At least 58 former ISIS fighters have publicly spoken about their defection from the group. That’s a miniscule number of the estimated tens of thousands of fighters who have joined ISIS, but the motives of the men, and a few women, have left ISIS reveal some distinct trends according to a new report from the International Center for the Study of Radicalisation at King’s College London. Most notably: Many abandoned ISIS after being asked to kill other Sunni Muslim rebels instead of Bashar al-Assad’s forces.
Since it first emerged on the scene around 2013, ISIS has differentiated itself from other Syrian rebel groups by being more interested in expanding its territory and constructing its “caliphate” than toppling Assad. In fact, in addition to some evidence of direct collusion between ISIS and Assad, at the very least, ISIS’s emergence has benefited the Syrian regime by forcing the rebels to fight a two-front war and making western powers more reluctant to pour money and weapons into the conflict in Syria because they are instead pouring weapons and money into the fight against ISIS.
But while ISIS’s leaders may view Assad as an ally of convenience, rank-and-file recruits don’t see it that way. According to the defector accounts studied in the report, the most common reason reported for joining ISIS was a belief about “the Syrian conflict and – especially – the atrocities that have been carried out by the Assad government.” The report goes on to say that “one of the most persistent of the defectors’ criticisms was the extent to which IS has been involved in fighting against other Sunni rebels” and that “from the defectors’ perspective, toppling the regime didn’t seem to be a priority for IS, and little was done to help the (Sunni) Muslims who were targeted by it.”
Some objected to ISIS’s disregard for the killing of civilians and execution of hostages, but these objections had less to do with the level of violence—for some recruits, that may be a benefit—than the targets. “None of the specific episodes that were highlighted by the defectors involved minorities or others that could be seen as ‘apostates’ or ‘infidels,’” the report notes “The only brutality that the majority of defectors objected to was violence against ‘Muslims’ – that is, Sunni Muslims – whose rights they believed should have been protected.” A smaller number of defectors were also turned off by what they saw as corruption or hypocrisy among senior ISIS members and by the harshness and austerity of life in the Islamic State, which can differ sharply from the idyllic portrayals in the group’s online propaganda.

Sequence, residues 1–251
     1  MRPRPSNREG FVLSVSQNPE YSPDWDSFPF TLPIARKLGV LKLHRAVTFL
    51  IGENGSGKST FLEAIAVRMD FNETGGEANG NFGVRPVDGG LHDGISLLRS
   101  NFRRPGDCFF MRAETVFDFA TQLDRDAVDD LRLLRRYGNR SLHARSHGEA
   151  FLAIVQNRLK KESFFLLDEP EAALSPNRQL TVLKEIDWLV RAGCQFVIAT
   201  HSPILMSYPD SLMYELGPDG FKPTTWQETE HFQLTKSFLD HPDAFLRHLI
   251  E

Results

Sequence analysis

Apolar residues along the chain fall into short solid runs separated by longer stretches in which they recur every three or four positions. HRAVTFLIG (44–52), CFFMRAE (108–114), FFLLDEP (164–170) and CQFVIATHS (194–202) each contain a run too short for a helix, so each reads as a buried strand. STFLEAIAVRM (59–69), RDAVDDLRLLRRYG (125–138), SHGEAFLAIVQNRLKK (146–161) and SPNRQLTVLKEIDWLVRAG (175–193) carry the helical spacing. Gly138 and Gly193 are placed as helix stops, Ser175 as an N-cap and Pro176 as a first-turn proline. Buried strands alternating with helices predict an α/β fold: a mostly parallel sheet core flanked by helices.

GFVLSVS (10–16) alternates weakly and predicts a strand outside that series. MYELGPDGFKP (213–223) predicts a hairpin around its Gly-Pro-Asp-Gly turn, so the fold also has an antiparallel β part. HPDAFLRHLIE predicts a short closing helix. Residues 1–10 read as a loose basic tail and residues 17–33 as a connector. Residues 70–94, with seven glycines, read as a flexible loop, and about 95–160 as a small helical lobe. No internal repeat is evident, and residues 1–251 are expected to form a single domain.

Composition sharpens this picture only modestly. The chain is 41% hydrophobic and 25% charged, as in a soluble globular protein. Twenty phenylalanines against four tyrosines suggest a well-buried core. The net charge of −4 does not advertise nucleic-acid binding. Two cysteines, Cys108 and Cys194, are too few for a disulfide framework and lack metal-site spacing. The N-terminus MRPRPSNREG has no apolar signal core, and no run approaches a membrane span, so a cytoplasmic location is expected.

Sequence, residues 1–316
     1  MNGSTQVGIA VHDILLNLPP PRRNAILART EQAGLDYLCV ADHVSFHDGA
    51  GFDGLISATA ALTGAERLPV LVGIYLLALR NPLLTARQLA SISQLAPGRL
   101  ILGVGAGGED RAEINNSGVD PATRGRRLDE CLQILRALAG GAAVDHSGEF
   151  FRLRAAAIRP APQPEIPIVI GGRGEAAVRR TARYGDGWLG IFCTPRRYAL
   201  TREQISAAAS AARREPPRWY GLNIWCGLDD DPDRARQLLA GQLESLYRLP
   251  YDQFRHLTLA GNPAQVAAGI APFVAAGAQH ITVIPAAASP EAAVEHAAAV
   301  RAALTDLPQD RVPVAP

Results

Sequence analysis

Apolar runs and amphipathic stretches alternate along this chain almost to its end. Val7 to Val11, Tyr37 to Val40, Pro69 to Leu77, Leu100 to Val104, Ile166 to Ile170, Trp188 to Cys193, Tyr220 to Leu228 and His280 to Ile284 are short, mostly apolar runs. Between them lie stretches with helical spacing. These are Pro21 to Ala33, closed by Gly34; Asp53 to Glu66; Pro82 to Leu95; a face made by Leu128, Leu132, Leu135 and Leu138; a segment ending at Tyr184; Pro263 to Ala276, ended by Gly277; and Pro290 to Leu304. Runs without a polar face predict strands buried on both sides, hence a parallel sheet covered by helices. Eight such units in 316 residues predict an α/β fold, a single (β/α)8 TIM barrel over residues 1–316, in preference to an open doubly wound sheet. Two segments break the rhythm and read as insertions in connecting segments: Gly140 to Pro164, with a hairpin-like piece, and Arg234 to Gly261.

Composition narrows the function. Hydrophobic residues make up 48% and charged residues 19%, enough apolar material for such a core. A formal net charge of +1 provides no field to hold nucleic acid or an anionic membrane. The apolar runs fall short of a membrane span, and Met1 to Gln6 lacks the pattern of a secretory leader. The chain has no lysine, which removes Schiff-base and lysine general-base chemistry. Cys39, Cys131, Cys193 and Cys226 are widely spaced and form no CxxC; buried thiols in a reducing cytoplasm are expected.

While the numbers are still small, the good news is that they’re increasing: Of the 58 known cases of ISIS defection between January 2014 and August 2015, 60 percent have been in the last 8 months and a third in the last three months. There are also likely many more returnees who haven’t gone public, for fear of reprisal from the group, being ostracized from their communities, or legal consequences from their own governments.
The report is meant to aid efforts to counter ISIS’s propaganda machine—efforts that have had limited success so far. As for ISIS, it has been attacking Syrian military targets more often lately, so perhaps discontent in the ranks is starting to drive the group’s strategy.